Portable generators are useful during winter storms, but if not used safely, they can cause injuries and death.
- Use portable generators outdoors in well-ventilated areas away from all doors, windows and vents.
- Make sure you have carbon monoxide alarms in your home.
- Do not use a generator in a wet area. This can cause shock or electrocution.
- Connect appliances to the generator with heavy-duty extension cords.
- Do not fuel your generator when it is running. Spilling gas on a hot engine can cause a fire.
This page explains what actions to take when you receive a winter weather storm alert from the National Weather Service for your local area and what to do before, during, and after a snowstorm or extreme cold.
Know your risk
A winter storm occurs when there is significant precipitation and the temperature is low enough that precipitation forms as sleet or snow, or when rain turns to ice. A winter storm can range from freezing rain and ice, to moderate snowfall over a few hours, to a blizzard that lasts for several days. Many winter storms are accompanied by dangerously low temperatures.
Winter storms can cause power outages that last for days. They can make roads and walkways extremely dangerous or impassable and close or limit critical community services such as public transportation, child care, health programs and schools. Injuries and deaths may occur from exposure, dangerous road conditions, and carbon monoxide poisoning and other conditions.
Winter storms and colder than normal temperatures can happen in every region of the country.
Winter storms can occur from early autumn to late spring depending on the region.
Before Snowstorms and Extreme Cold
- Make a Family Communications Plan. Your family may not be together when disaster strikes, so it is important to know how you will contact one another, how you will get back together and what you will do in case of an emergency.
- Make an emergency kit for at least three days of self-sufficiency.
- Keep space heater safety in mind: Use electric space heaters with automatic shut-off switches and non-glowing elements. Remember to keep all heat sources at least three feet away from furniture and drapes.
- Prepare your home:
- Make sure your home is well insulated and that you have weather stripping around your doors and window sills to keep the warm air inside.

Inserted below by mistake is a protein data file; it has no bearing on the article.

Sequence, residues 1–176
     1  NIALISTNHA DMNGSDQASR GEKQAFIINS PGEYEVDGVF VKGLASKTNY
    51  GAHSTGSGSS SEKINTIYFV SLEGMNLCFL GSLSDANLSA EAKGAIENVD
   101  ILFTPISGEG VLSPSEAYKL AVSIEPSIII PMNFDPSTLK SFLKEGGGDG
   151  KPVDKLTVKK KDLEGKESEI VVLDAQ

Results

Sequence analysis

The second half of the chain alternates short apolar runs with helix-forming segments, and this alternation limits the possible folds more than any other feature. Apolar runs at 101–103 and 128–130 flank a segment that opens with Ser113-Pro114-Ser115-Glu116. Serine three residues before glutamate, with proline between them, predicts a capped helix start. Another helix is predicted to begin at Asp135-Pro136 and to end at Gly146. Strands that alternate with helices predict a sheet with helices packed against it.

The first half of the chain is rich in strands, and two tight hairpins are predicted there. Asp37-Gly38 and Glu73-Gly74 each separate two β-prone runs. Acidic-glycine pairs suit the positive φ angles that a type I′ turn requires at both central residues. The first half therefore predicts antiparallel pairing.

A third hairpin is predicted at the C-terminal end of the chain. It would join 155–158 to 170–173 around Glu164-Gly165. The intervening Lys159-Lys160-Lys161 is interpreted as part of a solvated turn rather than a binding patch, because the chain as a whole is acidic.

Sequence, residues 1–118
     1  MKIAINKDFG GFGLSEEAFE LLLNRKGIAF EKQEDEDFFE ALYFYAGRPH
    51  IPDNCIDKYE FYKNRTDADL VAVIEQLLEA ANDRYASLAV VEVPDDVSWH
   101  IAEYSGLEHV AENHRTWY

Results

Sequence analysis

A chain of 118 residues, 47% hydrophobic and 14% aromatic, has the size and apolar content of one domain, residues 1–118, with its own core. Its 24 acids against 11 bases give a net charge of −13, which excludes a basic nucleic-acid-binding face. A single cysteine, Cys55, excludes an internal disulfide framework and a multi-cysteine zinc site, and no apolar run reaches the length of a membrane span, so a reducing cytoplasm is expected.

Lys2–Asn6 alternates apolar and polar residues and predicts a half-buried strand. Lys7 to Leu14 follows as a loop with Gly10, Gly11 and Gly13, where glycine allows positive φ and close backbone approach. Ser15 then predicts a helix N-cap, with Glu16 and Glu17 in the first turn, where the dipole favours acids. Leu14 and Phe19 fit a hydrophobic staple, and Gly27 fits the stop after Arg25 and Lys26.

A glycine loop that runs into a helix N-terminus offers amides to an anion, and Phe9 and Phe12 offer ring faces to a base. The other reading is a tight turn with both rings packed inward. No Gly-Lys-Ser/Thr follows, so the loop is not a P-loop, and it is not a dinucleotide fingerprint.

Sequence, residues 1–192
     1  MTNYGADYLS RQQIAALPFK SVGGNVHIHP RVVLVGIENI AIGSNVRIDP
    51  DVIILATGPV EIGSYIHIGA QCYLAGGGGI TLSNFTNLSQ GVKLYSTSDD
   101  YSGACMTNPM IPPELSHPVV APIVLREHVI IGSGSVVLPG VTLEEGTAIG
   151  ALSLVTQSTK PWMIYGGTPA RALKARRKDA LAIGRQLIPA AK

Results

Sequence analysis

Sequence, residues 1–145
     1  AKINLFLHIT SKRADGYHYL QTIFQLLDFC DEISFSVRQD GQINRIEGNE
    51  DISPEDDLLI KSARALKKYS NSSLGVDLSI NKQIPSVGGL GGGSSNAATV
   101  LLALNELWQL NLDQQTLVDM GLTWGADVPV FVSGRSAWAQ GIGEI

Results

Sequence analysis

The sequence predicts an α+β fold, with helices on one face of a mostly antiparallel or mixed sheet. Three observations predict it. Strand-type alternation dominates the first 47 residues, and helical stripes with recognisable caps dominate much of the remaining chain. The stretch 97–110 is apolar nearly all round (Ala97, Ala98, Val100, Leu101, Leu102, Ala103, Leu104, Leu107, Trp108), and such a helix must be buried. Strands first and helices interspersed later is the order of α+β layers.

- Make sure you have a working carbon monoxide detector.
- Keep fire extinguishers on hand, and make sure everyone in your house knows how to use them. House fires pose an additional risk, as more people turn to alternate heating sources without taking the necessary safety precautions.
- Learn how to shut off water valves (in case a pipe bursts).
- Insulate your home by installing storm windows or covering windows with plastic from the inside to keep cold air out.
- Hire a contractor to check the structural ability of the roof to sustain unusually heavy weight from the accumulation of snow – or water, if drains on flat roofs do not work.
- If you have a wood burning fireplace, consider storing wood to keep you warm if winter weather knocks out your heat. Also, make sure you have your chimney cleaned and inspected every year.
- Have at least one of the following heat sources in case the power goes out:
- Extra blankets, sleeping bags and warm winter coats
- Fireplace or wood-burning stove with plenty of dry firewood, or a gas log fireplace
- Prepare your vehicle:
- Fully winterize your vehicle: Have a mechanic check antifreeze, brakes, heater and defroster, tires, and windshield wipers to ensure they are in good shape. Keep your gas tank at least half full.
- Keep an extra emergency kit specifically created for your car. In addition to the basic essentials, consider adding a portable cell phone charger, ice scraper, extra blanket, sand for traction and jumper cables.